On a fine Friday evening at Horntye Park, the green turf bathed in midsummer sun,  there’s a gathering of  kids that would do credit to some waste ground in Karachi or Kolkata: more than 60 from age five upwards – the majority boys, but plenty of girls too – swinging bats, hurling balls, chasing across the field. Who says that English cricket is dying?

The car park is full to over-brimming. Immediately outside the pavilion a battalion of 25 or more, aged between five and eight, all wearing the smart blue ECB All Star shirts are lined up, learning to catch. Enthusiasm is more prevalent than consistent attainment, but it’s early days in a career that could last much of a lifetime. Parents, few of whom ever played cricket themselves beyond the odd taster at school, are ranged around the boundary in support. At the far end of the ground beyond the scoreboard another group numbering 20 to 25, a little older or at least more experienced, are in the nets, batting or bowling  –  the younger ones playing with a soft ball, the older with a proper cricket ball. Out in the middle an additional roll on cricket net has been set up for a number of under 16s to get some practice in. Later in the evening there will be a session for the ladies team (see match report below).

It is the local Hastings & St Leonards Priory club which, with some financial support out of Hastings Opportunity Area funds, is bringing these disparate ages and abilities together under its banner. Adam ‘Spud’ Page, who is overseeing the most junior group but also runs the under-13s team, is a full-time coach employed by the Sussex Cricket Foundation to promote “community cricket”. They include club chairman John Morgan, who moves among the parents addressing overall management responsibilities, and Piers Cowley, a parent who runs the under-16 Priory team.

That latter team will play matches only through July and August: earlier in the summer, school pressures – in particular, the demands of GCSE exams – take priority, while the more committed players of that age will already be turning out on a Saturday for the club’s second or third team in adult leagues. But there have been soft ball tournaments on recent Sundays at Hailsham, Bexhill and at Crowhurst Park, with a Hastings tournament on Sunday 7th July, mainly aimed at under 10s, while the under-13s have been in competitive action on a T20 format, winning recently in a close contest against Heathfield Park.  The club are also running a Friday Fun evening to celebrate the Cricket World Cup next Friday 5th July at Horntye.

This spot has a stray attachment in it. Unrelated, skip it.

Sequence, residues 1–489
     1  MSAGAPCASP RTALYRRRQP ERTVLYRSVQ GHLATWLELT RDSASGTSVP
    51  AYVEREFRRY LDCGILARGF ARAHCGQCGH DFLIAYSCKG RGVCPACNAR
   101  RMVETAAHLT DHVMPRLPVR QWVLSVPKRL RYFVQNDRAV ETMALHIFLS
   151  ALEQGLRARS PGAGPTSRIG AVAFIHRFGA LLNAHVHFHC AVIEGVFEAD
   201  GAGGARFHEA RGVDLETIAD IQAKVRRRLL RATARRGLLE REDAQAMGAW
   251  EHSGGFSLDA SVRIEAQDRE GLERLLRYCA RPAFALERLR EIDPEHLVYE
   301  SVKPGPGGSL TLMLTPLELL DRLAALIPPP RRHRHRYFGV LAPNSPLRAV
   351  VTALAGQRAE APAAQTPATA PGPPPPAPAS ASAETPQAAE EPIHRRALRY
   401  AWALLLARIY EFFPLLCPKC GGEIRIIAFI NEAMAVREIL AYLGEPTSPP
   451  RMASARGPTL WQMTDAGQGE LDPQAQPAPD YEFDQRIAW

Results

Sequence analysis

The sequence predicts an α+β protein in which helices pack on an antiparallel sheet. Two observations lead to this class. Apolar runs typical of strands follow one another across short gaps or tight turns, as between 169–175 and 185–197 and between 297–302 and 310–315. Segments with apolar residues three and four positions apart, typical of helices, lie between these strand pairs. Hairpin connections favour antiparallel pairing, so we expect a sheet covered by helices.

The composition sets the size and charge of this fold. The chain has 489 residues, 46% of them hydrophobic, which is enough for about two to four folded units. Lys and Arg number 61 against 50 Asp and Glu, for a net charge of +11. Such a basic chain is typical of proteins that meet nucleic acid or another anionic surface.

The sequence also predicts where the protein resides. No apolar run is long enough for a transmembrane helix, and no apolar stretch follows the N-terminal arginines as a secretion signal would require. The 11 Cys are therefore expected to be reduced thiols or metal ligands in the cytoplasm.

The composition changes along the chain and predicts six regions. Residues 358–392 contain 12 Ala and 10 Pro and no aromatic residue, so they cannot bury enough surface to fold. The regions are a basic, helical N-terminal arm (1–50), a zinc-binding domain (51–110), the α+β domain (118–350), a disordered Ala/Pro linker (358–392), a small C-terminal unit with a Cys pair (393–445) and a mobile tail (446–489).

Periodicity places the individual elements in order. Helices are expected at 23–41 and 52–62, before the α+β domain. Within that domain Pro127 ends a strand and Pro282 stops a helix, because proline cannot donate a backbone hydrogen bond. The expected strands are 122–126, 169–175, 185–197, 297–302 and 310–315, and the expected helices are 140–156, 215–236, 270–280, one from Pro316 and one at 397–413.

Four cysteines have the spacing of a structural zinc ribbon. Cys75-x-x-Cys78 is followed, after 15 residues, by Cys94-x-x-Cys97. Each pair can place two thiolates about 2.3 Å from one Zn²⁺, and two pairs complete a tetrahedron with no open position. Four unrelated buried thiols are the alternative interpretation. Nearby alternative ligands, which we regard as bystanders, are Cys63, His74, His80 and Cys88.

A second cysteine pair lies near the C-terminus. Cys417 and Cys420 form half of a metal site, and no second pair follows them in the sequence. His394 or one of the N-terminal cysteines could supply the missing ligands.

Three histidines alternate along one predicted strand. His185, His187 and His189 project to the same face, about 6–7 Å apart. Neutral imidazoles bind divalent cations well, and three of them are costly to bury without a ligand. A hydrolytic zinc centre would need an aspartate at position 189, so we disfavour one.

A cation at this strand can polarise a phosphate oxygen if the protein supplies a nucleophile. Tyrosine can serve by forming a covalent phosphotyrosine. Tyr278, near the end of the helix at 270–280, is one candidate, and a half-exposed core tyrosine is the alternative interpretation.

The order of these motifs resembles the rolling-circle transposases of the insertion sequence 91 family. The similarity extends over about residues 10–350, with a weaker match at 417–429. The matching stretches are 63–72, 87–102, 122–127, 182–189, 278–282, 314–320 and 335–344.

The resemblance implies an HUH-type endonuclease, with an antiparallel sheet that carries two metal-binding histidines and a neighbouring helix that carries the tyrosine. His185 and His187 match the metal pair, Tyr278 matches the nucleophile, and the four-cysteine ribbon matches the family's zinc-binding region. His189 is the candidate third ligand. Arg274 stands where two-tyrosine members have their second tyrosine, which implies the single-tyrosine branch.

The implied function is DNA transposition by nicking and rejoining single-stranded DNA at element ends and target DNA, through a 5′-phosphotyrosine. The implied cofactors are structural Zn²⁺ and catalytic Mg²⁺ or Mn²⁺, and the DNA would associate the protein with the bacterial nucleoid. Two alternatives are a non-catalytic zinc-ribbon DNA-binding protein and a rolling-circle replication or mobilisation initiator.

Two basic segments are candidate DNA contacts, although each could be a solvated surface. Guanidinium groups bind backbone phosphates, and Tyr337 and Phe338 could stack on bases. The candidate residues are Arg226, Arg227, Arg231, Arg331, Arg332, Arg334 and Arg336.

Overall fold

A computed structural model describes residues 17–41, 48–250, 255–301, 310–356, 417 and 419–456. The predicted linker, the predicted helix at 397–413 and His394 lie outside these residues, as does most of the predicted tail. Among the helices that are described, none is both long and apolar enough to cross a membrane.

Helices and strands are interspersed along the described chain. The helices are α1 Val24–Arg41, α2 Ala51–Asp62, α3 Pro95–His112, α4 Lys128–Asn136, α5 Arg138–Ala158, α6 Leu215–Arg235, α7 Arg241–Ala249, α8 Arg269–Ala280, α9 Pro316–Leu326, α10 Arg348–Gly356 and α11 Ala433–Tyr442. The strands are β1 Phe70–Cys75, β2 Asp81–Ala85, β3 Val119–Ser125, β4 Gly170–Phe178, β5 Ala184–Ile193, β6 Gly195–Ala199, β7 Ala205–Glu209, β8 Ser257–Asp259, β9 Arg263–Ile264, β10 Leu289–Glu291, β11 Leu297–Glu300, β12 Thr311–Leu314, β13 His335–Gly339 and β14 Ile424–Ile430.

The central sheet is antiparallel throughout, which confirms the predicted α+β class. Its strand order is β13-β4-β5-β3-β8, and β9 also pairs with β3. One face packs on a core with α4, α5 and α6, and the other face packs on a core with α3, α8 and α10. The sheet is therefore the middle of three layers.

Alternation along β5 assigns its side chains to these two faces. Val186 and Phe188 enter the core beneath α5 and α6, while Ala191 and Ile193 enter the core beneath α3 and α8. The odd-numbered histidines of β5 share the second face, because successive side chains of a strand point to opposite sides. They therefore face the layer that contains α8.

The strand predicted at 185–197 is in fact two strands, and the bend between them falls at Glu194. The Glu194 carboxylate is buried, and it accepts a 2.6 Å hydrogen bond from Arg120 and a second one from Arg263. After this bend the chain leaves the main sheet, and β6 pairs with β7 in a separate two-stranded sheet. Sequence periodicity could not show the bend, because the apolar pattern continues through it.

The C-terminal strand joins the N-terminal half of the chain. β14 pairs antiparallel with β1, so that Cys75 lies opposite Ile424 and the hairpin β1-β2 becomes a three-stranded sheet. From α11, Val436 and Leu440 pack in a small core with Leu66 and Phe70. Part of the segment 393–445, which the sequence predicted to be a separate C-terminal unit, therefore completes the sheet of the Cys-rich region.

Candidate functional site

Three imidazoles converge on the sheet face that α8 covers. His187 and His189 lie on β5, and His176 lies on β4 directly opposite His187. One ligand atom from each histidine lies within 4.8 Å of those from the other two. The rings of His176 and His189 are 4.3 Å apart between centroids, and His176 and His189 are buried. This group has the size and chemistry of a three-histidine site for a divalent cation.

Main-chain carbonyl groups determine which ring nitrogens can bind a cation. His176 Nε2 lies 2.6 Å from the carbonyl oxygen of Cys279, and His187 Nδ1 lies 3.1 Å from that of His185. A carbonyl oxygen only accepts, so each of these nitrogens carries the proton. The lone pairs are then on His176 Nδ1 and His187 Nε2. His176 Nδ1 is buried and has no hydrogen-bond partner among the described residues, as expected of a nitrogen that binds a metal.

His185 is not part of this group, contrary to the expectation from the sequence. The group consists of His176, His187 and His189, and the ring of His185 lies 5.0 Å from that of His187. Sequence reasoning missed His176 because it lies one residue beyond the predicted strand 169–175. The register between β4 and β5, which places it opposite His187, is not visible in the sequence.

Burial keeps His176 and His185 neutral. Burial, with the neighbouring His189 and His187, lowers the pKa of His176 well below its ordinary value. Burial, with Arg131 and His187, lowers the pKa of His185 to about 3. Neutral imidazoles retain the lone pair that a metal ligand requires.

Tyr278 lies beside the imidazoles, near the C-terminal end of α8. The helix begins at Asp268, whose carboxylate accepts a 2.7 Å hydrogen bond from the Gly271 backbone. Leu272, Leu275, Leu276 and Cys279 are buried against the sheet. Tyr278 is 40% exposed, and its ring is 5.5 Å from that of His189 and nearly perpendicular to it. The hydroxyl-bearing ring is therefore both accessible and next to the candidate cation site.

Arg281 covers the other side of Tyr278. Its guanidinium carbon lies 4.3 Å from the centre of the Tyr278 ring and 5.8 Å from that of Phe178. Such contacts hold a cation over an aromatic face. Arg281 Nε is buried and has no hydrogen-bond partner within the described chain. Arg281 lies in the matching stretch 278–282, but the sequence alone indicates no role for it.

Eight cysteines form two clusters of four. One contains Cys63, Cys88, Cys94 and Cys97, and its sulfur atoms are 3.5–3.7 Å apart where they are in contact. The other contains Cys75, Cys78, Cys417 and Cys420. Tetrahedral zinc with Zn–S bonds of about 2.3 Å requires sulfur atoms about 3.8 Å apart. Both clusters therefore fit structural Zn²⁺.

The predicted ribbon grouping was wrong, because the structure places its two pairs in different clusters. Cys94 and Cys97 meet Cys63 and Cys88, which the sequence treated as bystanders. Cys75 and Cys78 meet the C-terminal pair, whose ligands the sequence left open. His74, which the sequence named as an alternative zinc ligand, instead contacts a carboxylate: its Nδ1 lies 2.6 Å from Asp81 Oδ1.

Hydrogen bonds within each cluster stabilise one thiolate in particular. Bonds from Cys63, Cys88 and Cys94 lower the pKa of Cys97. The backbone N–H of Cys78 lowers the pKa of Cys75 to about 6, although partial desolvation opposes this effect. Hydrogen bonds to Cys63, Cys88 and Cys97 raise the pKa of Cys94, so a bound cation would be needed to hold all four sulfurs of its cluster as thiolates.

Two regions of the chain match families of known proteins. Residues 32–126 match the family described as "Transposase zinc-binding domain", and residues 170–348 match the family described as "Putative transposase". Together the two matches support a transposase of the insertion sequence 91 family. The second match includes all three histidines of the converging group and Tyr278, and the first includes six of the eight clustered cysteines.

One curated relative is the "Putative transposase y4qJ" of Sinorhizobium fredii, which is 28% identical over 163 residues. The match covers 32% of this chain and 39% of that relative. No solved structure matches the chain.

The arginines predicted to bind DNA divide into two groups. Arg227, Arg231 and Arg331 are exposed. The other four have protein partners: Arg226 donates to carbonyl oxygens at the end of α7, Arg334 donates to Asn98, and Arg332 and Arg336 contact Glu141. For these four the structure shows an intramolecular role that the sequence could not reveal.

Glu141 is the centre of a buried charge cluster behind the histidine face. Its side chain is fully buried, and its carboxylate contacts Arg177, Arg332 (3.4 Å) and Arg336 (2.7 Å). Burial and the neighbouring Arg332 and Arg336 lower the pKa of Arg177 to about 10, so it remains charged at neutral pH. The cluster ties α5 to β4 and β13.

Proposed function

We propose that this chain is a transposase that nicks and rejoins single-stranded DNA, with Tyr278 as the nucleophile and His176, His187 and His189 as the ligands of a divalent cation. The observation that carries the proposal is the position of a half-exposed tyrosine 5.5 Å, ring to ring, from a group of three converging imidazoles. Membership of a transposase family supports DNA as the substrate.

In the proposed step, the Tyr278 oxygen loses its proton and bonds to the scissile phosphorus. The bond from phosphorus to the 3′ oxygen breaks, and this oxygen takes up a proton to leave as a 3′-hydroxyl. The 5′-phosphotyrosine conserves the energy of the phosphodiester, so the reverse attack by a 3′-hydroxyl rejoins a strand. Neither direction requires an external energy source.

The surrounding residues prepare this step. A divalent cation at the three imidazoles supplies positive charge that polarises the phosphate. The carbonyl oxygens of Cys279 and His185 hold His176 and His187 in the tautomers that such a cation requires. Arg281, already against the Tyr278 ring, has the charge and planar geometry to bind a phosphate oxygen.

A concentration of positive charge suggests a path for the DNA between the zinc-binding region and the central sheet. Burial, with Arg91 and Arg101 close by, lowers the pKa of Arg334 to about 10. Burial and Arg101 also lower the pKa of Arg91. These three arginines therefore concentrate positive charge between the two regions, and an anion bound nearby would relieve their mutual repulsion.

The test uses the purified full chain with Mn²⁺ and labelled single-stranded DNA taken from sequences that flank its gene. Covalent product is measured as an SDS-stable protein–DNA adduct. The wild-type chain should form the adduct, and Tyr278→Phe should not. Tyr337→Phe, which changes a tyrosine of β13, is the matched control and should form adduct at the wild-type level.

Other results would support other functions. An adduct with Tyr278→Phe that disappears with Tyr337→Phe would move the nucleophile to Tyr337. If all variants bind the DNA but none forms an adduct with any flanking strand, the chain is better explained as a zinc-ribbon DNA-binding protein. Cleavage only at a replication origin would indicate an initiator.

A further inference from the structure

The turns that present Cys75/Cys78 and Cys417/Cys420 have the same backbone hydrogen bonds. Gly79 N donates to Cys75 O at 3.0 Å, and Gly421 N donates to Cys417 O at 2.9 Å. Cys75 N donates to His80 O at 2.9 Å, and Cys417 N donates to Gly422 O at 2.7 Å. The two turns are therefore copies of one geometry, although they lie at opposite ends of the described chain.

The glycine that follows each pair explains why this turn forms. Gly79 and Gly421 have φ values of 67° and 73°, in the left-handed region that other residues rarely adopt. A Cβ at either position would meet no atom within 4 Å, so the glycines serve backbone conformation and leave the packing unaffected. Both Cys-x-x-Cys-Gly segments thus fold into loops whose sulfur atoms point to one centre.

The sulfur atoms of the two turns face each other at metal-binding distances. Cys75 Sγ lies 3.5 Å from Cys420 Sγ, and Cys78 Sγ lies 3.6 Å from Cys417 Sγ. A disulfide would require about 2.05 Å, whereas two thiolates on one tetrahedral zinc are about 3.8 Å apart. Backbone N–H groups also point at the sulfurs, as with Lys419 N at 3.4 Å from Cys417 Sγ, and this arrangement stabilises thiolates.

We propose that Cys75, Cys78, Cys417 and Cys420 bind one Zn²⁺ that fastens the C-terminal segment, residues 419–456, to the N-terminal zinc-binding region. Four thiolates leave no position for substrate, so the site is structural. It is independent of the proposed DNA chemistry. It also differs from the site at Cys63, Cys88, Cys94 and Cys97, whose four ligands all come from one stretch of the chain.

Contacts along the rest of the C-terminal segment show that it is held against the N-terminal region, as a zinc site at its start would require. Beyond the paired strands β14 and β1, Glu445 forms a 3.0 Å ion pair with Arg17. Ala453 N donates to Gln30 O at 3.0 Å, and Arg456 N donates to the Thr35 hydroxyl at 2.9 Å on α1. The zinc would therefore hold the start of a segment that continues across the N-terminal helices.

In 2018, for the first time in many years, Priory were not able to field a team in any age group of the Sussex Junior Cricket Festival because there were no adults available to devote a full week of hands-on management. However, Spud Page will be available this year to run the under-13s (in the week beginning 12th August) if there are sufficient numbers not themselves away on holiday.

In the meantime he is funded to take cricket into local primary schools on a weekly basis. However, that’s the extent of state school involvement these days. None of the secondary academies in this corner of East Sussex runs a school team or provides any other form of competitive cricket for their pupils. 

Of the current Priory first team squad, four – Elliot Hooper, Joe Billings, Ryan Hoadley and Harry Scowen – learnt their cricket at Bede’s, the private school outside Hailsham which coaches several sports to a high level. Some older players, like John Morgan, attended William Parker at a time when cricket was still on its curriculum. But these days, if juniors don’t find their way to a club pretty soon, they are likely to be lost to the sport forever. Priory are well aware.

Hastings & St Leonards Priory CC will also be running summer camps over the weeks of 5th-9thAugust and 12th-16th August at Horntye from 9.00am to 12.00pm, supported by Hastings Opportunity Area. 

More information will be available on the club’s website  www.hastingspriory.com and on social media platforms very shortly.

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